In 1871, the Houston and Texas Central Railroad (H&TC) purchased 647 acres of land in Ellis County at a price of $5.00 per acre, establishing the line's northern terminus. On June 8, 1872 this site was established as the City of Ennis. The namesake of the town was Cornelius Ennis, an early official of the Houston and Texas Central Railroad. Ennis served as Mayor of Houston (1856-1857), was an incorporator and director of the Great Northern Railroad, and served as director of the H&TC Railroad.
The railroad was the key to the development of Ennis as an agricultural, commercial, and later, an industrial center. In 1920, a total of 152,601 bales of cotton were ginned in Ellis County, the most in any county in America. By 1930, Ennis was known as the place "Where Railroads and Cotton Fields Meet."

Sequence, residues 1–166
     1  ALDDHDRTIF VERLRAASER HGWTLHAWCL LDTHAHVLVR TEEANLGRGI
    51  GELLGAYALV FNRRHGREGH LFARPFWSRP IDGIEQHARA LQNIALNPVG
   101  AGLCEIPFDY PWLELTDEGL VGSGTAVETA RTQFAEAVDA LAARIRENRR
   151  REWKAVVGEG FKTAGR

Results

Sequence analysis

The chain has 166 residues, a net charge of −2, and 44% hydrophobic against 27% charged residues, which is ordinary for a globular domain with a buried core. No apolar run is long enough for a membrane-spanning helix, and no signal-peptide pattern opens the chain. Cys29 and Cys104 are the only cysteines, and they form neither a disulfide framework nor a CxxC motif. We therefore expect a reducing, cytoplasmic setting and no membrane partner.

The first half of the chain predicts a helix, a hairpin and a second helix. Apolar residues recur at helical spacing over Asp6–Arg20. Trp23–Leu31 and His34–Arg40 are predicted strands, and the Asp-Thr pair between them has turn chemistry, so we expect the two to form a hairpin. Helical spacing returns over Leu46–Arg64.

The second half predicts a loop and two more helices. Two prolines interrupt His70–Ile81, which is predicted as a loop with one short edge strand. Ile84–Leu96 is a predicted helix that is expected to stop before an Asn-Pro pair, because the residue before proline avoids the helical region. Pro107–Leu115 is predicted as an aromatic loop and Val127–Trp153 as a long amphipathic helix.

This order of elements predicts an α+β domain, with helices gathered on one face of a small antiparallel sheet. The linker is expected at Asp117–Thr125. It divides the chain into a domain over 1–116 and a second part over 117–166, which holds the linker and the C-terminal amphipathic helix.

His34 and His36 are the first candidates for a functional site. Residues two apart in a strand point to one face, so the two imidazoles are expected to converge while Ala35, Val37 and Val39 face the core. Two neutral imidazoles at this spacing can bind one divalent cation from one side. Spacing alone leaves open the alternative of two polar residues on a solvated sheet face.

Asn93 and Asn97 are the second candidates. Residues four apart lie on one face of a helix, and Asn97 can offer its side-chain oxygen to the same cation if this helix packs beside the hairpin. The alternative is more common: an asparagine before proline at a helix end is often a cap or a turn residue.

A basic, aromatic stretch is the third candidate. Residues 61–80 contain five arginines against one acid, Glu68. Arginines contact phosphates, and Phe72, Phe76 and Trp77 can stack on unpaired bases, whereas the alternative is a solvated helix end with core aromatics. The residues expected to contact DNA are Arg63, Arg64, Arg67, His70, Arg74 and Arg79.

For over 140 years, Ennis has successfully repositioned its strategic business focus from railroad, to agriculture, to modern industry and commerce. Ennis continues to embrace the rapidly changing business environment and enthusiastically looks forward to a very dynamic future.